We’ve ranked each team’s strength of schedule from 1-32 by combining their opponents’ win percentage from last season with their projected win total for this season. But first, let’s take a look at the top five hardest and easiest schedules this season.
1. Washington Redskins
2. Green Bay Packers
3. San Francisco 49ers
4. Kansas City Chiefs
5. Baltimore Ravens
1. Miami Dolphins
2. Oakland Raiders
3. New York Jets
4. Chicago Bears
5. Dallas Cowboys
The NFL schedule is out, and the first thing we go to is finding which teams play on Thanksgiving. After that, we start looking at the primetime games. Then, you get your own team’s schedule, and go down and see when they play the division rivals, who they start off with, and so on. And then you look at their bye week.
The bye week is something that seems like it should be a random thing, just thrown in there. But it isn’t; there’s a lot of thought put into it. We don’t know how much thought the league puts into it; what we do know is how much thought the teams put into it.
A few years ago I talked to some coaches about this. It took them about 3 seconds to answer: “You want your bye week before your bye week.” They had no idea why I laughed at this answer; they all said almost exactly the same thing, in almost exactly the same way. They weren’t joking around with me about it; they honestly could not understand why anyone would have any reason to have their bye week later in the season.
The NFL schedule is out! And it’s time to take a look at the quirks of this year’s schedule.
The NFL scheduling process is very complicated. It has to be, because there are so many teams and so many games and so many preferences that have to be considered. But the basic idea behind it is fairly simple: a team plays each of its three division opponents twice (once home and once away), four other teams from its own conference once each at home and once each away, and four teams from the other conference once each (two home and two away).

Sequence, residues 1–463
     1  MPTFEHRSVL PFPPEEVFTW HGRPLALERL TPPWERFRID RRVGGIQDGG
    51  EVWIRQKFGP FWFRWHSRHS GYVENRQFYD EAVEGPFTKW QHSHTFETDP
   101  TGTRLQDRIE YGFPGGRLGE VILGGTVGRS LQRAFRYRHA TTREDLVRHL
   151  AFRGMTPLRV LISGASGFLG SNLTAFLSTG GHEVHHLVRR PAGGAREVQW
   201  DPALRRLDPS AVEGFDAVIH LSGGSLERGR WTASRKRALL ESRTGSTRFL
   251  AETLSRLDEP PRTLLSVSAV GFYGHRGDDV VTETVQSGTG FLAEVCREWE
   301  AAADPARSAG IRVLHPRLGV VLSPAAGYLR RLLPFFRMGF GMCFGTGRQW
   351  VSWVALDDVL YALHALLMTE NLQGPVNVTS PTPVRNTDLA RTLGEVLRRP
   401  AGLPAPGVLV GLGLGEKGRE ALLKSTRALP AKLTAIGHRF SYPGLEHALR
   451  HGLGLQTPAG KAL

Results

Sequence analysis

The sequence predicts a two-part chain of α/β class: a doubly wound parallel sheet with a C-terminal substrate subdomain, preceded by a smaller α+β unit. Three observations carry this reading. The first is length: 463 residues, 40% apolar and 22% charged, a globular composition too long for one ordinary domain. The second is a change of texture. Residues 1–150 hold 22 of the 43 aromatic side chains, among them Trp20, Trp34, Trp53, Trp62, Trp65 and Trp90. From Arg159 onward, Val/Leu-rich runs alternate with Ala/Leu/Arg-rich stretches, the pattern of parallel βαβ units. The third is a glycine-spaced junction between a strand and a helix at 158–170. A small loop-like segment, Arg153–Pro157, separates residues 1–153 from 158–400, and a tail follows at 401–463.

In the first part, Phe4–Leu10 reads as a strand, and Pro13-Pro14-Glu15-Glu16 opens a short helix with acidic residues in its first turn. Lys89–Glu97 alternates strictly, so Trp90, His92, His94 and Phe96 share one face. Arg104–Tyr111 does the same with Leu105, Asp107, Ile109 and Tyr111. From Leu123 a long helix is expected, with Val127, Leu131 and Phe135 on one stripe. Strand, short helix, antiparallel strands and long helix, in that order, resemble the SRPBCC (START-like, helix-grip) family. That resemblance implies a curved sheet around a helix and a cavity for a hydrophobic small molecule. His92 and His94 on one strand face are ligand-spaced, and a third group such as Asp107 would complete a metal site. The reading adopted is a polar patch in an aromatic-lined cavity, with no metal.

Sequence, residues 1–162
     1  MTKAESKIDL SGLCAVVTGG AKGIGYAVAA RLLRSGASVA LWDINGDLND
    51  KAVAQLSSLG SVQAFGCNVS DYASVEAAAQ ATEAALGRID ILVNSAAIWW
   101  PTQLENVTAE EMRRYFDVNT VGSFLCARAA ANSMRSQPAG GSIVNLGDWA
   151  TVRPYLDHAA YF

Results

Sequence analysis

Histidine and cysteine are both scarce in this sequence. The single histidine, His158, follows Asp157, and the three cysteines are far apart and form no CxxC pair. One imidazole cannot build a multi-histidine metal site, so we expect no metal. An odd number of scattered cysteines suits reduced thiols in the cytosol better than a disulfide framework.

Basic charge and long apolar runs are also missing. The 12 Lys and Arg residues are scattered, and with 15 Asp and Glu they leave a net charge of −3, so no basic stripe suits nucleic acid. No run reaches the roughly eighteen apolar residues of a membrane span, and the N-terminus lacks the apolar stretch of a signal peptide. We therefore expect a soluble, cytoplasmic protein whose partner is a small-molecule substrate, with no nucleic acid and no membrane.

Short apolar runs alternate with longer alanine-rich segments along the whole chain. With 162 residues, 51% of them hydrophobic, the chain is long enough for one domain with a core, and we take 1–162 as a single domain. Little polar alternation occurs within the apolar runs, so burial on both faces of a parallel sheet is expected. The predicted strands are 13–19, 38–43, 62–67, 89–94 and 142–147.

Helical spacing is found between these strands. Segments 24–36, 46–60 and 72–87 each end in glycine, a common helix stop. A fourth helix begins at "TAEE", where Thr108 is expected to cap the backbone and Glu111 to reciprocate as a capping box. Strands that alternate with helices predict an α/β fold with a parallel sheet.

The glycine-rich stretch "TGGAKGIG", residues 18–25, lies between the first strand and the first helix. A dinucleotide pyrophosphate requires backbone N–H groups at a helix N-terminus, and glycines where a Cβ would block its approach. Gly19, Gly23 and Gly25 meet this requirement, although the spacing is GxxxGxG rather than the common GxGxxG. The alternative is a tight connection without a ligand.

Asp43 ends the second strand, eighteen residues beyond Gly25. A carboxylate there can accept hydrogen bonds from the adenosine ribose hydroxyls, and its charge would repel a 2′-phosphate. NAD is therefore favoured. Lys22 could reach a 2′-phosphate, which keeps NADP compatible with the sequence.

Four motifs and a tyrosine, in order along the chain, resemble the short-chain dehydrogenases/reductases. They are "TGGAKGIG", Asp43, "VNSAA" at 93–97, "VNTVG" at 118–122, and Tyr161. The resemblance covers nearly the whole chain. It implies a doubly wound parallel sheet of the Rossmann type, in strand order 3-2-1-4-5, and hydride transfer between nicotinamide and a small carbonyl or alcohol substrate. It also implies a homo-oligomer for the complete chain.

At first glance that looks like an eight-game schedule, but remember that in a 16-game season, eight of them are “against” a specific team, not against a particular slot. So you can get situations where the same team is playing against the same opponent for two consecutive weeks, or on Monday night one week and Sunday night the next. The NFL tries to limit those instances with scheduling quirks, but they can still happen.
The NFL schedule was released this week, and if you’re a football fan, I’m sure it was the highlight of your week! (That’s a joke. It’s so early in the off-season that we are still in the “highlight of your week” phase.)
I went ahead and made a rough spreadsheet to analyze the schedule. I’m not going to do anything like predict win/loss records or who has the hardest/easiest schedules, because as I say every year: The NFL is too unpredictable to do that. And frankly, if you are here for that type of analysis, I’m not sure why you would come here.
But there is plenty of other interesting stuff we can look at from a scheduling standpoint, so let’s get to it.